Over the last month, the federal parliament acted promptly to enact bipartisan reforms to the Fair Work Act in response to the COVID-19 pandemic. At the same time, the federal IR Minister, Christian Porter, varied the regulations to the Fair Work Act and the Fair Work Commission changed its Rules and unilaterally proposed changes to a number of modern awards. Not to be outdone, the Fair Work Ombudsman has proved to be an exemplary regulator throughout the pandemic – it has exhibited a very even handed approach to the predicament faced by many employers.
The three central pillars of Australia’s industrial relations system have proved that they can act decisively when they have to. But when we ultimately return back to normal, our IR laws will go back to where they were. Anyway, who can tell what will be ‘normal’ in a year’s time?
It’s a pretty fair bet that many businesses won’t reopen again. From local bars and restaurants to national airlines, the impact on our economy is massive. At the macro level, Australia may well be in recession for the first time in over 30 years. And we’re likely to be in the midst of a generational re-ordering of the global economy. At the micro level, who knows? Early signs are that many employers and employees will want to adopt more flexible working arrangements. Some jobs won’t be needed any more, or will be filled by an expanding casual and gig workforce. It’s clear that to succeed, our economy will need to be flexible and responsive to change.
To address this future, it’s neither opportunistic or unreasonable to start thinking about what our employment and IR systems should look like.
Australia’s IR system is genuinely unique. Thanks to the Keating/Brereton reforms in 1993 our system became more flexible and encouraged bargaining. But apart from the disastrous overreach of WorkChoices, there’s only been one truly celebrated IR reform in the past two decades – namely, the creation of a broad legislated safety net called the National Employment Standards. Howard created it and Gillard enhanced it. Essentially it ensures that Australian workers must receive minimum conditions of employment: a 38 hour week, a national minimum wage, four weeks’ paid annual leave, sick and personal leave, and so on. The NES has been a revelation. It’s fair, well respected and easily understood.
And whilst many calls for IR reform have focused on the red tape and inflexibility of our enterprise bargaining system (and the Better Off Overall Test in particular), the elephant in the room is Australia’s anachronistic system of industrial awards, known as ‘modern awards’ since consolidation reforms in 2010.
Awards have been an intrinsic feature of Australian employment laws virtually since federation. They prescribe minimum conditions of employment for employees in particular industries or trades and professions. They were designed in the days of compulsory arbitration of workplace disputes, long before today’s enterprise bargaining and legislated safety net.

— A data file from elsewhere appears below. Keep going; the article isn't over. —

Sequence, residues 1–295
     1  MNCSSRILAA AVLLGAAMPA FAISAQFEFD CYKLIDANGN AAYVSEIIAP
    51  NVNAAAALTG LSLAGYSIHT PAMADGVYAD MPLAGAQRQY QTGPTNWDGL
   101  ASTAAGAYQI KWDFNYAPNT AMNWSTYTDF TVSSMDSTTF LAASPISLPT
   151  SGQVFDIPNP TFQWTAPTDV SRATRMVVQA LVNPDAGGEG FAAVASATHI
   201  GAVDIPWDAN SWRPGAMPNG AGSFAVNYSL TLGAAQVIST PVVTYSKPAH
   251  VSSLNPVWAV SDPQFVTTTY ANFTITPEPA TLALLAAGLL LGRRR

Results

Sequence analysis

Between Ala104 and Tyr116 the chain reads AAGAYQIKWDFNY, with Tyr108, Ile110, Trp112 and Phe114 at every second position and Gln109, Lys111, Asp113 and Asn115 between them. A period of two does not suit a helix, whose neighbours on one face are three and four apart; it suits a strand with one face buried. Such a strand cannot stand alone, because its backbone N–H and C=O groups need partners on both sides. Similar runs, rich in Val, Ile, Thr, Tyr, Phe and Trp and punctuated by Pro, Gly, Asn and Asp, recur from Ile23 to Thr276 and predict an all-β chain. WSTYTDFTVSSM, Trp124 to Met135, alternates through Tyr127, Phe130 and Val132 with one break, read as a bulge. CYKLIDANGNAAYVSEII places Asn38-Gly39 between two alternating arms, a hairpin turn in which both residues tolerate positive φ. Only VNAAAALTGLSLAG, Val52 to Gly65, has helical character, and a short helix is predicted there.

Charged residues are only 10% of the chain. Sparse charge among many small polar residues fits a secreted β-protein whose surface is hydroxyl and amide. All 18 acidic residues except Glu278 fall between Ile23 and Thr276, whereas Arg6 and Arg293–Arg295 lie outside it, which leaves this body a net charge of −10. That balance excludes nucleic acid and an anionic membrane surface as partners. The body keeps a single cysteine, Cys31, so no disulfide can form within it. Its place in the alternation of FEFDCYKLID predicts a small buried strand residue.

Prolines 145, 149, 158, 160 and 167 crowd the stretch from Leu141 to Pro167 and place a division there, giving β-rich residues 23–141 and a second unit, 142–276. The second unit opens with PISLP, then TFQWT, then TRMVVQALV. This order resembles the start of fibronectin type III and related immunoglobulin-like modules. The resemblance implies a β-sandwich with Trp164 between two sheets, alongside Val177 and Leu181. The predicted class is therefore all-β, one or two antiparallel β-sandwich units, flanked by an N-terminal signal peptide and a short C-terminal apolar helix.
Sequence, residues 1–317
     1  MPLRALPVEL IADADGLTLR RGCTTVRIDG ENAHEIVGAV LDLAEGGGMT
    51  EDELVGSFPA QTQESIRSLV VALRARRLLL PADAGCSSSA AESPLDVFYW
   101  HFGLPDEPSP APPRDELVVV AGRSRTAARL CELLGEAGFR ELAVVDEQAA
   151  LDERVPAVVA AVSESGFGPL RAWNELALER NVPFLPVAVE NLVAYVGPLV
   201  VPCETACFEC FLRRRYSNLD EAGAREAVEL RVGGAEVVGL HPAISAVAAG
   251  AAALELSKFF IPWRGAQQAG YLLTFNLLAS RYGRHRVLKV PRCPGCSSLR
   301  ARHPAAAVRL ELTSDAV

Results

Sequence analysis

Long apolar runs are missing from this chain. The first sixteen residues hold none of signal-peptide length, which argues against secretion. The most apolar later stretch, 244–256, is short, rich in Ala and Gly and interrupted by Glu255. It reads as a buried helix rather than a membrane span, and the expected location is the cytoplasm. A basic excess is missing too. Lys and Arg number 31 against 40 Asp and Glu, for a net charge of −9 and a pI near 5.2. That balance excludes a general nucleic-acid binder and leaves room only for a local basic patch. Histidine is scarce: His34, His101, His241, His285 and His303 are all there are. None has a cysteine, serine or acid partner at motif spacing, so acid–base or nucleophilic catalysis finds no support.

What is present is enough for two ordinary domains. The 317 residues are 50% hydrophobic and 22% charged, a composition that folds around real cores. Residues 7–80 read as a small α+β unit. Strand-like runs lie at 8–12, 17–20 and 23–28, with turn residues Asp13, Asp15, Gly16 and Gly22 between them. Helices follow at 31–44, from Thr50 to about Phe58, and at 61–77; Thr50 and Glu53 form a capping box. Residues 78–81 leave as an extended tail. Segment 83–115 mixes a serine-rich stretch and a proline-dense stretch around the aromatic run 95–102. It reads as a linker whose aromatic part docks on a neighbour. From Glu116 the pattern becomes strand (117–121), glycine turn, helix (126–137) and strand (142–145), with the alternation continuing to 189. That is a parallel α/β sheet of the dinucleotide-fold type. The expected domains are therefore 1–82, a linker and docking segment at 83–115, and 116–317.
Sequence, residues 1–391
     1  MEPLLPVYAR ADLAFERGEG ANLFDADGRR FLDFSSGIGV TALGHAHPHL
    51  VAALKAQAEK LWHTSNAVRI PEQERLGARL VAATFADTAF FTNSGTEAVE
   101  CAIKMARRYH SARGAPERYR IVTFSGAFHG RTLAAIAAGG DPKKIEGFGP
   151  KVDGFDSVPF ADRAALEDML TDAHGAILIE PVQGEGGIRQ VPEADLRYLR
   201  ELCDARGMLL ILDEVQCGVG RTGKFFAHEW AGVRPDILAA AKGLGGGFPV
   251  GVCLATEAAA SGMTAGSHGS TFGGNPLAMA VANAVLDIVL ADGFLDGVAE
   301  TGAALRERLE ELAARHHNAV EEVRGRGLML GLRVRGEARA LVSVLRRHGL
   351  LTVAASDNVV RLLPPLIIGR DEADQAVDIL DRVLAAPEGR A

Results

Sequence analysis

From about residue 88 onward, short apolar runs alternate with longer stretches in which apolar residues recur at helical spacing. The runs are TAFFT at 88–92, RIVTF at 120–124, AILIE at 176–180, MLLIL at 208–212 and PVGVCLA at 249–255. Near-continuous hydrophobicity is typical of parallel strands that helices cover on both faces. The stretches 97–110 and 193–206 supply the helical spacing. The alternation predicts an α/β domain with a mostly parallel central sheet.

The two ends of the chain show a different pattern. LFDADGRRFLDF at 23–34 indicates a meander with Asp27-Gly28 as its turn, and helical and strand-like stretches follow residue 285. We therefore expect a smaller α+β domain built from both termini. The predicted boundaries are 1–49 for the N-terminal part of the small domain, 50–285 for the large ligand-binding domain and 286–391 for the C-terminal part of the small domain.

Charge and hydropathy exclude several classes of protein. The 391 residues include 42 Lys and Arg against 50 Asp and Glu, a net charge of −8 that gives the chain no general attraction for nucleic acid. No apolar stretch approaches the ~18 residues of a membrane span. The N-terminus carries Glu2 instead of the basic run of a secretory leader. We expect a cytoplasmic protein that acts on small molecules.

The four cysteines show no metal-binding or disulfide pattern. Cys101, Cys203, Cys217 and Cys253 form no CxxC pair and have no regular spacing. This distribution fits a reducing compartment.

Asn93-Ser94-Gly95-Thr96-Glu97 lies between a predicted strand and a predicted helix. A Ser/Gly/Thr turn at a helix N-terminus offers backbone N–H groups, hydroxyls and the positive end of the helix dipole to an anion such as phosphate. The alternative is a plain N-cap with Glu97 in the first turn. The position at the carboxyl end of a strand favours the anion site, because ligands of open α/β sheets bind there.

Awards are blunt instruments. They are prescriptive, arbitrary, inflexible and often impossibly complicated to interpret. It’s frequently difficult to know whether certain employees are award-covered or not, or even to assess which award or might apply.
Award conditions vary, often inexplicably based on historical custom and practice. If you’re a clerk covered by the Private sector clerks award, you might be entitled to different wages and conditions of employment than clerks in other sectors. And work value assessments have been conducted to determine how much a tradesperson should earn, compared to, say, an engineer, an academic or a scientist, and so on. It’s ridiculous really, when you consider that in most cases the market primarily determines what someone gets paid above the minimum wage.
The overall objects of the Fair Work Act are to provide a fair, flexible, accessible system. Specifically, the Commission is required to ensure that awards provide a fair and relevant safety net which is simple and easy to understand. In reality, the award system is arbitrary and inflexible. It’s red tape wrapped in more red tape. As recently as March 2020 the Commission introduced a new annualised wages system for a wide range of award covered employees. A full bench of the Commission devised a system so complex and prescriptive that many employers and even their legal advisors are still struggling to understand and navigate it. There has to be a better system than this, but which still preserves employee entitlements without stifling innovation.
According to the Economist in 2019, Australia has the world’s highest minimum wage. Removing awards should not, must not, allow this to change. Replacing awards with an expanded safety net must be considered. The existing ten minimum conditions can be expanded, with appropriate exclusions for high income earners. Employers may need to accept that gig economy workers deserve protections too. Fairness considerations dictate that careful thought will need to be given to the transitional mechanics away from awards. It will require give and take. It won’t be simple, and will need some courage from government to come out from the WorkChoices shadows and talk about reform.
This article was written by Anthony Wood, a Partner in Herbert Smith Freehills’ Employment, IR and Safety team, based in Melbourne. The opinions expressed in this article are the author’s alone and do not represent the views of HSF.
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© Herbert Smith Freehills 2021